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Columnist Must Give Change Its Due

Jul 18, 2018

To the Editor:

I read Robert Padovano’s column (“Stop Name Calling and Listen – Why I Voted for the Trump Idea,” 7/4) with interest. He was, in my opinion, spot on with many of his observations. But – there is always a but, isn’t there? – I was stopped short by his assertion that nothing in his life had changed no matter which party was in power.

Mr. Padovano is obviously not gay. Things have really changed for the LGBT community over the past years. He is male, so he may not be aware of the changes for women’s opportunities over the years. I have no idea how old he is, so let us take a quick trip to the 1950s. Birth control was banned in Massachusetts and some other states. A woman could not have a tubal ligation without first having a set number of children and then only with her husband’s permission. A woman could be fired after becoming pregnant – even if married. I was.

The conservative, old law firm where I worked did not allow women to remain in their jobs after they became pregnant. When I was expecting my first child there were three of us in the office who were “expecting” (“pregnant” is so out there – literally!). Faced with having to hire three secretaries at the same time (the hires had to have a certain “look”) management let us stay after we began to show. We were, however, told that we must stay on the 10th floor and not venture to the 11th floor, where the offices of the senior attorneys were located, because the clients might catch a glimpse of a protuberant stomach and be offended.

A woman lawyer whom the firm “inherited” when they took over another practice was told she could only socialize with the secretaries and was not invited to the Union League for the firm’s Christmas party. Oh, I forgot, she was invited to the secretaries’ Christmas party, which was also at the Union League, so I guess she didn’t miss anything important.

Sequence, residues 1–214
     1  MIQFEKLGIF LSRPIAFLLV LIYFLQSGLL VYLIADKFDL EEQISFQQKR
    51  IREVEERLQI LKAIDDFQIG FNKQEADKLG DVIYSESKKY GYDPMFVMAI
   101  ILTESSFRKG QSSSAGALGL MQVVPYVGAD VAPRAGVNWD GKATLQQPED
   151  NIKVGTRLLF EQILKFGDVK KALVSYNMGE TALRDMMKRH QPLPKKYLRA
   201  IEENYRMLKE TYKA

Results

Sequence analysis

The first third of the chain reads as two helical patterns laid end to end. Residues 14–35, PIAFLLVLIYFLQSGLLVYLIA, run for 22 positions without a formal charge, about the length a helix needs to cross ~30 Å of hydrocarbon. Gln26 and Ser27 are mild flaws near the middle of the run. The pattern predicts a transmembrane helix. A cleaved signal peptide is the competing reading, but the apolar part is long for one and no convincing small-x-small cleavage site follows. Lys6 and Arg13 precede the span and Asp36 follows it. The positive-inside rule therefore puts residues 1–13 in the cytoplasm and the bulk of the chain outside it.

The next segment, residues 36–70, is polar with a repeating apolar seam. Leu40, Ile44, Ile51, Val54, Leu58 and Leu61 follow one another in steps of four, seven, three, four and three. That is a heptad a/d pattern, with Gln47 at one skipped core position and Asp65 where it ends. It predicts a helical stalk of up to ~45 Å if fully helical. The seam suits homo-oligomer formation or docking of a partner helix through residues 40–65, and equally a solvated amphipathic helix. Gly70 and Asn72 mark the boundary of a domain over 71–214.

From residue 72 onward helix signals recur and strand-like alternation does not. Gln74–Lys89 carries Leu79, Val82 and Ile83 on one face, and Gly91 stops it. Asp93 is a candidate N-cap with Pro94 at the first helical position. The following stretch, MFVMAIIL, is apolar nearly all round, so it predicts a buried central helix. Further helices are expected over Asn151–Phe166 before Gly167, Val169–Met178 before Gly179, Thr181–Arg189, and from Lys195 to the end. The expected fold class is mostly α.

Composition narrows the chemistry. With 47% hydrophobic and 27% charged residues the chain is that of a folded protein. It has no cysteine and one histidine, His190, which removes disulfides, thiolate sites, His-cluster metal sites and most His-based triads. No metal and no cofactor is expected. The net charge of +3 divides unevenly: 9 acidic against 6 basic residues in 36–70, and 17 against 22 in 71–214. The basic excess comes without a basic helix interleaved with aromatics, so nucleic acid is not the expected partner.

Lest one thinks that only women met with discrimination, I suppose I should point out that the firm did not hire Jews or African Americans and had a token Catholic. They were quite proud of themselves for being so broad minded! This was in the early ’60s.

Mr. Padovano mentioned “unjust” wars and that some families were “affected” by them. No, Mr. Padovano, some families were completely destroyed by them.

The black community might also disagree with his “no change” premise. Voting rights are relatively new for them, as well as the ability to buy a house wherever they wish, admittance to colleges and much more. Ask an elderly black man who used to have to sit in the balcony at the local movie theater if life has changed for him.

Medicare has made a huge difference in the health care older people receive. Our life expectancy has increased over the years because of access to good medical care. I am glad to have Medicare. Mr. Padovano is welcome to not enroll and also to eschew Social Security, but please do not cite these programs as examples of government’s failures.

I was disappointed that the writer ended his, in many ways well-thought-out, essay with an attack on liberals. It may surprise you, Mr. Padovano, but I see offensive comments on Facebook, too, often aimed at people who didn’t vote for Mr. Trump. “Haters” is the most common. Oh, and I have never seen a picture of Mr. Trump with a bone in his nose or seen a meme that calls the truly lovely Melania an ape. So let’s agree that both sides can be mean, mean, mean.

My religion, Quakerism, teaches that everyone has the light of God within. Everyone is entitled to respect. Everyone is not only a child of God, but also my brother or sister. Therefore, I cannot subscribe to the philosophy of “me.” I have a call to work for justice even if it does not personally affect me or my family. (Yes, I have been known to hum “Kumbaya.”)

In closing, I would like to point out that liberals and conservatives are both necessary for a vibrant, modern and solvent nation. Liberals want change, new ideas, justice for all. Conservatives tend to want fiscal prudence and slower change. These two philosophies need each other. Too much change vs. too little. In an ideal world, liberals would work for social justice and conservatives would weigh the costs. The conservatives would keep the liberals from giving away the store and the liberals would push for more money. There would be balance, not name calling.

Thank you, Mr. Padovano, for your essay. We are opposites politically, but we do have some common ground.

Frances Hopkins O’Neill

Holgate

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